About the novel

Summary of the background to ‘Heart Of The West

The small road that runs beside the author’s home place is still known as the Colony Road. It was here The Society for the Protection of Rights of Conscience built a church, at Bunlahinch, during the famine . The Secretary of the Society, a man named Hogan leased a further 193 acres from Lord Sligo and proceeded to build ten or twelve two bedroomed houses for the converts together with a school for its inhabitants. Desperate with hunger, some people availed of the ‘soup’ in return for converting to the Protestant faith. This proselytising was common during the famine and became known as ‘souperism’.
Charlotte Matilda Houstoun published her memoir, ‘Twenty Years in the Wild West’ (1870) about her time in Mayo, as wife of the land agent who had leased ‘the biggest sheep farm in Ireland’ from Lord Sligo. They built a large house overlooking Doolough, and her son remained there until the early 1900’s.

The circle of the story is completed by the historical place of Mary Ann McNally as the last survivor of the Gorta Mór. She was the great-grandmother of the author, and is buried in Killeen graveyard. After independence, Séamus McNally’s grandparents were among the first people to be resettled in the previously cleared foothills of Talamh Bán.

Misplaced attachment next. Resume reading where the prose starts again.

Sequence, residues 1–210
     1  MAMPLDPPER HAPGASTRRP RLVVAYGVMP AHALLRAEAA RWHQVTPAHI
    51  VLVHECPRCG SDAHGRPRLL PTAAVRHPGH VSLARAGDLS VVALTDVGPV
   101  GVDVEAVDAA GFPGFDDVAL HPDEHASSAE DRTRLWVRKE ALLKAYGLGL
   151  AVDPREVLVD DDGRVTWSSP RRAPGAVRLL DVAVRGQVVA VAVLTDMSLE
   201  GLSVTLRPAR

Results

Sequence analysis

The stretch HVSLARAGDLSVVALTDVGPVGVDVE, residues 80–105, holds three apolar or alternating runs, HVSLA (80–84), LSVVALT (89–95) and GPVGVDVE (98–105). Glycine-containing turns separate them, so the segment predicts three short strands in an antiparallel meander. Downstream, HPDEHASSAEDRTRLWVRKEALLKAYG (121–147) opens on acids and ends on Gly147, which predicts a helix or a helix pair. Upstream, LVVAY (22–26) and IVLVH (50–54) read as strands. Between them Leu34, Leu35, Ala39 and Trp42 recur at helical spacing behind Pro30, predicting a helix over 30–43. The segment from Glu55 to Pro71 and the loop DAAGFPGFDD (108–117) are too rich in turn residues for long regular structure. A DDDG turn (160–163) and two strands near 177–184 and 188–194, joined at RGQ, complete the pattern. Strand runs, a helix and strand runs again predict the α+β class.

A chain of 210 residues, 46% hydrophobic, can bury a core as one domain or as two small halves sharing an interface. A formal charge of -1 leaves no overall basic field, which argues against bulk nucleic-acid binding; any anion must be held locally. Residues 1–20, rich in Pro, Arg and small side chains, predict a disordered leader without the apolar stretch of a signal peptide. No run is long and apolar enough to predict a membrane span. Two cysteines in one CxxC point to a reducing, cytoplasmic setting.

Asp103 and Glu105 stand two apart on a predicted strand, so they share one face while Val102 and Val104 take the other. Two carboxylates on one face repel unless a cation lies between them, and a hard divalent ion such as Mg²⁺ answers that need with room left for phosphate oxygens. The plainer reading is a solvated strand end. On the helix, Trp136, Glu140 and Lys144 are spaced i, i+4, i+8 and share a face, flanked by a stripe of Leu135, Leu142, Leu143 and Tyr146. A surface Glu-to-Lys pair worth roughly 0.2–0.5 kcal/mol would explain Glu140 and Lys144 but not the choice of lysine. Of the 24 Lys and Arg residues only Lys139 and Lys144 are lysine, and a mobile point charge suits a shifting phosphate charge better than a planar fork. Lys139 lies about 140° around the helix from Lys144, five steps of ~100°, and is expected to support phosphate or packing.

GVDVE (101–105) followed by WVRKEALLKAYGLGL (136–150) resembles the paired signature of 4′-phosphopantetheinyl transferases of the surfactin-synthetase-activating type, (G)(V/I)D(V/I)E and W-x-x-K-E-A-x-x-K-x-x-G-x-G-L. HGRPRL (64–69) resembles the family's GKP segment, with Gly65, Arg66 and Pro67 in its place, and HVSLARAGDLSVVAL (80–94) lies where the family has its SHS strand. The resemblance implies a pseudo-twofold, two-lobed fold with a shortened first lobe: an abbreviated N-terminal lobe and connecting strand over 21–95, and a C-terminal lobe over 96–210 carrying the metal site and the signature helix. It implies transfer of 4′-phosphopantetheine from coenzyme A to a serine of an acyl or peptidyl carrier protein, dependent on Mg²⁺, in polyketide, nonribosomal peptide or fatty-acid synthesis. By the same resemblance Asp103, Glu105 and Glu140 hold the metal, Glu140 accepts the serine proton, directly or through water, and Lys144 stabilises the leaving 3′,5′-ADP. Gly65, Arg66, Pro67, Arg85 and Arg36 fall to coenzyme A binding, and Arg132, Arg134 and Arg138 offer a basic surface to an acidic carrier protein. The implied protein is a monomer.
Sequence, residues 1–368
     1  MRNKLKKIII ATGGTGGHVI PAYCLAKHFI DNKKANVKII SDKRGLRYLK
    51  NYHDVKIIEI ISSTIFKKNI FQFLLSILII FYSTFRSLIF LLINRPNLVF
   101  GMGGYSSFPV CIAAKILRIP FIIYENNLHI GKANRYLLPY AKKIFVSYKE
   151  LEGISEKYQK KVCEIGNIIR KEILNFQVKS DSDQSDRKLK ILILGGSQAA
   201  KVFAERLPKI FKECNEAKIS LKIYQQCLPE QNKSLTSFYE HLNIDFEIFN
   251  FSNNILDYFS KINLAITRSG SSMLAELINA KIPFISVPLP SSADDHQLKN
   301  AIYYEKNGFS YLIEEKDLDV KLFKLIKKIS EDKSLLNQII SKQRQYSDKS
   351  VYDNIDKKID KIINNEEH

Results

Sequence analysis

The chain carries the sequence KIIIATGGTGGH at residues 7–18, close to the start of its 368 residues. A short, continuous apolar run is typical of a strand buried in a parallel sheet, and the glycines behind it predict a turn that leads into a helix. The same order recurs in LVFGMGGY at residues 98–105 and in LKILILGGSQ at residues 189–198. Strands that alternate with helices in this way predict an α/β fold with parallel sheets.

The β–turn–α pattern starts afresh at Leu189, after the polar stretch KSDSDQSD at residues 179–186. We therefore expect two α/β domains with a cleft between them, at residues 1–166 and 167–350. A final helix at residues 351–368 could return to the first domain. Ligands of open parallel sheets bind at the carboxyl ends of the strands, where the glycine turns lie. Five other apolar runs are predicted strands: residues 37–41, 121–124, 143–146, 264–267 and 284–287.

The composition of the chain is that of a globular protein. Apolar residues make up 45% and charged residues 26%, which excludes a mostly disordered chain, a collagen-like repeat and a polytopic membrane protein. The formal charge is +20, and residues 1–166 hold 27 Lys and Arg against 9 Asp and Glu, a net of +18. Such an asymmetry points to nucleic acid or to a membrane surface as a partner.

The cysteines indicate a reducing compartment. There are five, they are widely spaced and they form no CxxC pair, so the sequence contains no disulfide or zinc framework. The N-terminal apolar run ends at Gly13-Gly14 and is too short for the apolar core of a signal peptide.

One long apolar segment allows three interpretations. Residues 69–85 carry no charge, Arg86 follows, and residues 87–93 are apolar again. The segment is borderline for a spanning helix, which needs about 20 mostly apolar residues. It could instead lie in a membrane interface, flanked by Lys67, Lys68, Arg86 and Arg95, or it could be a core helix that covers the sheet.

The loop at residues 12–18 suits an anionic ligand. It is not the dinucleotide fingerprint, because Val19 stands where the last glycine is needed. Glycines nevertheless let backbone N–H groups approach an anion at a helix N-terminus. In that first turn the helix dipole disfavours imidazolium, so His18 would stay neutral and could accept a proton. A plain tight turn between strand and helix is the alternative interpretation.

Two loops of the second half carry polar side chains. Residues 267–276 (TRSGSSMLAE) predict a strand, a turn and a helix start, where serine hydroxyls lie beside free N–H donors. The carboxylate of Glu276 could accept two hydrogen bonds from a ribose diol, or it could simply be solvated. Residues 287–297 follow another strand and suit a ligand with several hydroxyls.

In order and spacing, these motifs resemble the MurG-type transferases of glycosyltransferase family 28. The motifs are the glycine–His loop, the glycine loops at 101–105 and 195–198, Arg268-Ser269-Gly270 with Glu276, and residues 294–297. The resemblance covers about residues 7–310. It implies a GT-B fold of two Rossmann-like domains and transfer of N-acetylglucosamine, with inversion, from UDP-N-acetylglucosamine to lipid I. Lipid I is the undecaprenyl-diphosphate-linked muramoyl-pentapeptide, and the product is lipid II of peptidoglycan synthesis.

Today, the ruins of the Land Agent’s house lie hidden among trees overlooking Doolough, and the Clapper Bridge is the main artefact of The Colony still intact.
Close by is Bóirín na Deirce (See the poem) , the narrow road still known by this name today. It means ”The Road of Alms’ because it was built as famine relief.

Bóirín na Deirce

Bóirín na Deirce

We will stroll a while, you and I,
Down a, long forgotten, famine road,
Back the way; the path our people came.
Bóirín na Deirce, road of alms,
Each side bound in by solid stone.

A uniform of moss and lichen,
Will not hide a stone’s sad scéal.
Large or small, round and square,
Those solid stones, like skulls and bones,
Each a single sacred story.

“In a place neither now nor then,
Not so long ago; when stones could talk…”
‘Oh, seanachaí, let your story flow.’

Séamus McNally